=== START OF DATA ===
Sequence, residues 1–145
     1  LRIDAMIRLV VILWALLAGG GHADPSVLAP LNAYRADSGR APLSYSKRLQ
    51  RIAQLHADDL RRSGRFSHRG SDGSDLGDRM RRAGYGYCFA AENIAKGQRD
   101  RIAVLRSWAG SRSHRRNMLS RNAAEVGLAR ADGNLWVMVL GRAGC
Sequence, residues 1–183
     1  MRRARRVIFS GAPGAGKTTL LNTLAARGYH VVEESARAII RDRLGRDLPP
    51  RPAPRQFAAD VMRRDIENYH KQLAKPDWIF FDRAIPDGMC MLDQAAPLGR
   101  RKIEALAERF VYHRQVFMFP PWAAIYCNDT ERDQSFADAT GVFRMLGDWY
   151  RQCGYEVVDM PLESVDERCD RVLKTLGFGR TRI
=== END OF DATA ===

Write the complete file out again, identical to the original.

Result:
Sequence, residues 1–145
     1  LRIDAMIRLV VILWALLAGG GHADPSVLAP LNAYRADSGR APLSYSKRLQ
    51  RIAQLHADDL RRSGRFSHRG SDGSDLGDRM RRAGYGYCFA AENIAKGQRD
   101  RIAVLRSWAG SRSHRRNMLS RNAAEVGLAR ADGNLWVMVL GRAGC
Sequence, residues 1–183
     1  MRRARRVIFS GAPGAGKTTL LNTLAARGYH VVEESARAII RDRLGRDLPP
    51  RPAPRQFAAD VMRRDIENYH KQLAKPDWIF FDRAIPDGMC MLDQAAPLGR
   101  RKIEALAERF VYHRQVFMFP PWAAIYCNDT ERDQSFADAT GVFRMLGDWY
   151  RQCGYEVVDM PLESVDERCD RVLKTLGFGR TRI